Thursday 27 June, 2019

Young: Non-nationals convicted of crimes will be deported

National Security Minister Stuart Young said any non-nationals found guilty of crimes will be deported, after immigration officials reported that they had received threats against their lives. 

Speaking in response to urgent questions during a sitting of the Senate on Tuesday, Young said measures are being taken to secure the safety of immigration officers after some immigration officers said they received threats after some Venezuelan nationals were turned away at ports of entry. 

He said the persons who were alleged to have made the threats were Trinidad and Tobago citizens who were relatives of these Venezuelan nationals. 

He said, however, if non-nationals were also found to be involved in criminal activities and were found guilty, they would be deported. 

All non-nationals found to be engaged in criminal activity, once they are criminally charged and they’re convicted, the normal course is that the Minister of National Security, based on the advice of the TTPS, as well as the Immigration Division, would sign orders of deportation.

“So if they’re non-nationals engaging in criminal activity and they’re convicted, I will sign deportation orders for them. If non-nationals are found to be engaged in any threats with respect to any of our nationals, including immigration officers, then again, I’m certain the Trinidad and Tobago Police Service (TTPS) will take action and criminally charge them,” he said.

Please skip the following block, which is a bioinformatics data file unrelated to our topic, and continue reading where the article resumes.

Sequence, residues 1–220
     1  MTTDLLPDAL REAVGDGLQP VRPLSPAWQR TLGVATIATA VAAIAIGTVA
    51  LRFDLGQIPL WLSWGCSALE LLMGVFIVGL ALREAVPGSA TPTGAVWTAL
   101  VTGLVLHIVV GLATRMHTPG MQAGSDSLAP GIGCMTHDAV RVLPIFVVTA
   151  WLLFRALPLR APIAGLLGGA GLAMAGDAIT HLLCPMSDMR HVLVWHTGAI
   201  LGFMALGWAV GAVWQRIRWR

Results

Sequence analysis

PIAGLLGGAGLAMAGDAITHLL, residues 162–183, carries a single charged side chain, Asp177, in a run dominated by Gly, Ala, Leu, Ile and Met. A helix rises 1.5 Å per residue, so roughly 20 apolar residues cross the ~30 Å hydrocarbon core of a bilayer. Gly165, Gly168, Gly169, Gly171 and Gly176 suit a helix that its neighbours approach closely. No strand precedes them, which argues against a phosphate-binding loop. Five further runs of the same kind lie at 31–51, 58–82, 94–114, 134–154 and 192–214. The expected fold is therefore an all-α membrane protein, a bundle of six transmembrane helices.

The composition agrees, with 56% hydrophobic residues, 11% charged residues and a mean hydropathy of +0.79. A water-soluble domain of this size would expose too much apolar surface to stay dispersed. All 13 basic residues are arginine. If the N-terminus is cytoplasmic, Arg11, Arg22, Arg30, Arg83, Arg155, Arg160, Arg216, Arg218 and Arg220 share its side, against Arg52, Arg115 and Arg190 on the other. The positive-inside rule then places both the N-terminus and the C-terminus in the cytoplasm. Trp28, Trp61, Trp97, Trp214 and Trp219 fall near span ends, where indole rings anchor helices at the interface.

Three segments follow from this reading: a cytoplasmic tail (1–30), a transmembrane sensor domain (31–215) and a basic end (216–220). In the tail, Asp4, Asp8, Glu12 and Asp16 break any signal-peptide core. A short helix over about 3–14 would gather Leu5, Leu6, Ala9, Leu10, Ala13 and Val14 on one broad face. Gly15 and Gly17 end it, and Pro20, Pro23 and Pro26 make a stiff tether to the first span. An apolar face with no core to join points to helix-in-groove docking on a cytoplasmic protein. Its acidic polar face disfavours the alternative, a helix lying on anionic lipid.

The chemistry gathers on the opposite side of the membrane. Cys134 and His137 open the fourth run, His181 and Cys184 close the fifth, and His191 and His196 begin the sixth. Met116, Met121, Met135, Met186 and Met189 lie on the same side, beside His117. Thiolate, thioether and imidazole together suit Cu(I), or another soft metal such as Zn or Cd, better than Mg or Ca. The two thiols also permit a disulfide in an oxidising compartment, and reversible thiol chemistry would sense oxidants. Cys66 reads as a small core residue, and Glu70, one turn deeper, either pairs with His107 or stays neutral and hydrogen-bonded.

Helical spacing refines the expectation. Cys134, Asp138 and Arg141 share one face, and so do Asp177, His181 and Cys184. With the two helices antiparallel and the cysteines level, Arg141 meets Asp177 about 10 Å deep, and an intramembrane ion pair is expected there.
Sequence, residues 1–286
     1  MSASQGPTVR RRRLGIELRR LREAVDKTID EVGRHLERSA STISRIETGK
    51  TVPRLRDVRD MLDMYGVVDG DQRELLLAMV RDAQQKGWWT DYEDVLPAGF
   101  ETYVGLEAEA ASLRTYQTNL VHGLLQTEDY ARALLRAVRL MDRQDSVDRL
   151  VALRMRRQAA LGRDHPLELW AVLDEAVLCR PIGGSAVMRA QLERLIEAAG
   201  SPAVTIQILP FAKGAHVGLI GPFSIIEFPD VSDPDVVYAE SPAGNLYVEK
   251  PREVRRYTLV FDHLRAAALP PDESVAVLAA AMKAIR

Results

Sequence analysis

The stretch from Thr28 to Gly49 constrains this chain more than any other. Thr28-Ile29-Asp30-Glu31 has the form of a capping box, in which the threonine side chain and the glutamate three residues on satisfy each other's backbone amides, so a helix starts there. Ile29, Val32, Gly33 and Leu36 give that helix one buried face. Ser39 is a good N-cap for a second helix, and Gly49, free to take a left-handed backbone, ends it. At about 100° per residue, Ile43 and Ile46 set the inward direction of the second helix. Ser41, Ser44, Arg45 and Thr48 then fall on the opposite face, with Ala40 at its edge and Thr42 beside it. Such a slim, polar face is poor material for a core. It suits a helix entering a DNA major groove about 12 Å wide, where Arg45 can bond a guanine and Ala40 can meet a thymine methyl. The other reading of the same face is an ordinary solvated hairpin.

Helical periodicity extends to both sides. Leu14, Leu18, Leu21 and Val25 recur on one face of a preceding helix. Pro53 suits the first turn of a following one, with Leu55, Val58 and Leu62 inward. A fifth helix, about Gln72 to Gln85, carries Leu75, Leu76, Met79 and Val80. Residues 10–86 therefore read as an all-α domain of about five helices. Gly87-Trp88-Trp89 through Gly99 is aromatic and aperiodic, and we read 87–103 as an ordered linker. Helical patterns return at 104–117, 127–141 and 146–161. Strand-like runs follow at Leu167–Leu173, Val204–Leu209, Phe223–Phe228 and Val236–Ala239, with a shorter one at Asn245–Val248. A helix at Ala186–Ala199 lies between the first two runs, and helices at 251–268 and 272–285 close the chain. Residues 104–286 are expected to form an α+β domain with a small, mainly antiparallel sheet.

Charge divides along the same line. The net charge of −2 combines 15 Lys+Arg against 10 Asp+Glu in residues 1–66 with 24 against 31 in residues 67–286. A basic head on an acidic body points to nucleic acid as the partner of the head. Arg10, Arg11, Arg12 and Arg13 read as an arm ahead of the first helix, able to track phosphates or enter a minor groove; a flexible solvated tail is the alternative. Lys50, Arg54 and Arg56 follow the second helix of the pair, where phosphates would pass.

Young warned all individuals against threatening immigration officers, saying they will be found and punished.

This is a warning to individuals who think they can threaten immigration officers who are conducting their duties lawfully. I’m going to speak to the Commissioner of Police and if they find them for them to be criminally charged,” he said.

He said these reports came to his attention last week and said he will be meeting with Police Commissioner Gary Griffith to address them.

This is a matter that only came to my attention last week when I was on a visit to the Port in Cedros. Immigration officers there told me they had had a couple incidents with persons who were turned away.

“There’s a suggestion that it’s relatives, we’re not certain it’s relatives but what we’re certain of, they are Trinidadian nationals who have followed immigration officers after they’re refused entry,” he said.

Stuart said he will be suggesting that police exercises be led with an aim of catching these individuals.

“I’m going to be suggesting to the Commissioner of Police, especially at Piarco (International Airport) and other legal ports of entry where our immigration officers are, that we set up some sting operations, some undercover police operatives, who would be following these immigration officers in and around these areas, so if anyone is found intimidating any immigration officer, they will be charged within the full extent of the law,” he said.

When asked regarding additional security arrangements for officers, Young replied that at this stage investigations are ongoing so these measures are still being reviewed.

“At this stage I don’t have any official report of any immigration officers who are concerned but I’ve seen what has been reported in the media. I will certainly speak to the Chief Immigration Officer (regarding) any security arrangements that we can put in place, for example airport security personnel at all airports of entry. There are other initiatives that we are going to put in place,” he said.

Recently, several Venezuelan nationals were turned away at the Piarco International Airport, for reasons unknown. 

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